Although the Forum was "rediscovered" in the Renaissance, scientific interest in the area only began in the late 18th century. This led in the 19th century to systematic explorations by illustrious archaeologists, including Carlo Fea, Antonio Nibby, Pietro Rosa and Guiseppe Fiorelli. Earthworks brought back to light the ancient ground level of the Forum, a few metres beneath that of the surrounding city.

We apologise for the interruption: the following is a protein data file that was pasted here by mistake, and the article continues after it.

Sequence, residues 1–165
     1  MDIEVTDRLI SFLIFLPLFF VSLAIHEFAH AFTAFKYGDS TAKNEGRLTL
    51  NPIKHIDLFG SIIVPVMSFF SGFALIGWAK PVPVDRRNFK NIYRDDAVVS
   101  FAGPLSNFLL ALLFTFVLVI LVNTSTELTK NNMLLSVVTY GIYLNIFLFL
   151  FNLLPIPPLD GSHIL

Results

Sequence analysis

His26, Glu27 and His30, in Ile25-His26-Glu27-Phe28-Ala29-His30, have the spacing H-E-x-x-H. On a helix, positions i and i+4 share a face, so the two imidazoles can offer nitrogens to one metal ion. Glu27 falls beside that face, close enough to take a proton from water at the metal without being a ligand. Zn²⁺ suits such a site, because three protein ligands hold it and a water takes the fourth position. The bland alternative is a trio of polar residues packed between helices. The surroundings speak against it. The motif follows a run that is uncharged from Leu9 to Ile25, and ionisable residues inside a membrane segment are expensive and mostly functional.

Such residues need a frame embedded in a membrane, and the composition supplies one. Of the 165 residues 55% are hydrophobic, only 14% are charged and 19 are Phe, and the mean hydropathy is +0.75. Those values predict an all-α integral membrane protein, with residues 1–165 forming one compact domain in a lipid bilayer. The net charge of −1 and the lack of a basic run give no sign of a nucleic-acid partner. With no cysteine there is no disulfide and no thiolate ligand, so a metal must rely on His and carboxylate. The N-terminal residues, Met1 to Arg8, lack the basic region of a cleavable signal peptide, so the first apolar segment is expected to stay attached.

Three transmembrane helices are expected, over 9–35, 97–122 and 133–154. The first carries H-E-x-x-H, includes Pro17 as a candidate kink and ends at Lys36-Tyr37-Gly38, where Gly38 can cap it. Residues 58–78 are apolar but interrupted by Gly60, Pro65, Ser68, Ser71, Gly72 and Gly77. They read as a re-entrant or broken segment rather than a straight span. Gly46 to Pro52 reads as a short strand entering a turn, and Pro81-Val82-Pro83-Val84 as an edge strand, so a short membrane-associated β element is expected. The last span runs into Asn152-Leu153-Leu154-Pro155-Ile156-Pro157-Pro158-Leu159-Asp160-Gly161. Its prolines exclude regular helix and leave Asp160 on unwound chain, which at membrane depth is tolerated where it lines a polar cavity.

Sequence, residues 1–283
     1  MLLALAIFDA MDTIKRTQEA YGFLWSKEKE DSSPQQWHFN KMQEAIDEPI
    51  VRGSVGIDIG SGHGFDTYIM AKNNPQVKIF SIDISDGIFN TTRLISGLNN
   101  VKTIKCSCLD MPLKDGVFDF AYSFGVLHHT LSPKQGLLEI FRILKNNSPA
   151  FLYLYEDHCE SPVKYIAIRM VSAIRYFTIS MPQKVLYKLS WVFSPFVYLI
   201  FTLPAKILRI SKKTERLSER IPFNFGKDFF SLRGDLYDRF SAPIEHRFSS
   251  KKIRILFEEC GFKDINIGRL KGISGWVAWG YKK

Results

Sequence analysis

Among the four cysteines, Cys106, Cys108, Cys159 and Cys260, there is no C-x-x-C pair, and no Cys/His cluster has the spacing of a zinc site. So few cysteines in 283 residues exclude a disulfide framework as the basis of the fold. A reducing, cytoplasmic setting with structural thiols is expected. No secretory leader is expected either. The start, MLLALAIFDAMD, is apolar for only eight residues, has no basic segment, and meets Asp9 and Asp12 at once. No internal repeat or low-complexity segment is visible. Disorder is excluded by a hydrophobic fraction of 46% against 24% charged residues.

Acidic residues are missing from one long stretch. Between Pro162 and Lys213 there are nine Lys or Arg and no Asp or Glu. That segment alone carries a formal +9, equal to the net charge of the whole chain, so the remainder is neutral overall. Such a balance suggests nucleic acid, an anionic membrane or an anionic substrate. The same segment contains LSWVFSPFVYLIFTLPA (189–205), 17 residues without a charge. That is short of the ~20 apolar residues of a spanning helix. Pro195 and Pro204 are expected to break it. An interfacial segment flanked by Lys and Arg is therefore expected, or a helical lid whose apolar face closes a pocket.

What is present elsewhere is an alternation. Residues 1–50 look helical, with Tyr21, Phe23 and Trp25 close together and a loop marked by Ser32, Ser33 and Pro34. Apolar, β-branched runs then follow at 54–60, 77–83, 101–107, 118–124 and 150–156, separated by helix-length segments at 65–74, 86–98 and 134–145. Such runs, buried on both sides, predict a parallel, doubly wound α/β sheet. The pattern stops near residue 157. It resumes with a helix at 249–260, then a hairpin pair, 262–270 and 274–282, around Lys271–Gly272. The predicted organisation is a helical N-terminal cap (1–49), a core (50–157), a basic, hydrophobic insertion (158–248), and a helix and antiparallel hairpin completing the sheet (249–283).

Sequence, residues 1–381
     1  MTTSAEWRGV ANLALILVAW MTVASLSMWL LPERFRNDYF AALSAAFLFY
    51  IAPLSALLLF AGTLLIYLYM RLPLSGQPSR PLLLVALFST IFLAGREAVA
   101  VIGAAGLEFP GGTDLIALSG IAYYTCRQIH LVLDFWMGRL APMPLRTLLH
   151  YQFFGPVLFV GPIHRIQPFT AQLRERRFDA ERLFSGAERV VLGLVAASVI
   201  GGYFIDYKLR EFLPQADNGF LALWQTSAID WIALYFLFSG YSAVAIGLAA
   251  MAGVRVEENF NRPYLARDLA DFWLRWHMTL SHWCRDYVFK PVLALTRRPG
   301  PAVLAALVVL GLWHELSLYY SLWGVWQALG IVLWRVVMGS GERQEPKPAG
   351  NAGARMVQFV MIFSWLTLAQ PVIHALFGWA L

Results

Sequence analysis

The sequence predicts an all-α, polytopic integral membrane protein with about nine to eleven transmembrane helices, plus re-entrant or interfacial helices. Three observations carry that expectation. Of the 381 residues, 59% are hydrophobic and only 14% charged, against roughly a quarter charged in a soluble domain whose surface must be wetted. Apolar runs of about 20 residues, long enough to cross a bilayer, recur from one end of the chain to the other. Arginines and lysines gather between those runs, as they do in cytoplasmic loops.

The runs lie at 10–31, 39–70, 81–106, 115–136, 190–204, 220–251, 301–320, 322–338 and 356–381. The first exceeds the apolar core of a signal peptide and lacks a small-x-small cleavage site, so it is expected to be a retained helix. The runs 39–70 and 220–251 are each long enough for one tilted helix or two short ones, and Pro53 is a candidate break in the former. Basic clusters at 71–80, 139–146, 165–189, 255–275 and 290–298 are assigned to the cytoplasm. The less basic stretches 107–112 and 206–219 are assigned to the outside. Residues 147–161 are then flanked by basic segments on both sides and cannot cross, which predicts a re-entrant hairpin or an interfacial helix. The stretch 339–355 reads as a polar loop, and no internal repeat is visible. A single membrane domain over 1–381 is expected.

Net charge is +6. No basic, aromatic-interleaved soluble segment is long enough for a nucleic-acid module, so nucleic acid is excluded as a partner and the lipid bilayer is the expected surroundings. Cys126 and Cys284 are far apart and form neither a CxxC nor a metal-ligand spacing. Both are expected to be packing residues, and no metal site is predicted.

The most extensive excavations were undertaken in the early years of the 20th century, directed by Giacomo Boni who explored the square, the Temple of Caesar, the Lapis Niger, the Regia, the archaic necroplis, the Temple of Vesta with the house of the Vestal Virgins, the Spring of Juturna and the church of Santa Maria Antiqua. His successor Alfonso Bartoli excavated the Basilica Aemilia and radically restored the Curia. In subsequent decades explorations - though limited - continued in various areas including the Comitium, the Basilica lulia, the Arch of Augustus, the Temple of Castor and Pollux, the area around the modern via della Consolazione, which was destroyed. Today the Roman Forum, though apparently a stretch of ruins, remains one of the most important places in the world for history and art. The ruins, the vegetation, the environment, forming a whole set off by the Roman light, still retain a fascination which the passage of time cannot alter. Seeing the Forum from above, especially at sunset on a clear day, is one of the world's most intense and striking spectacles.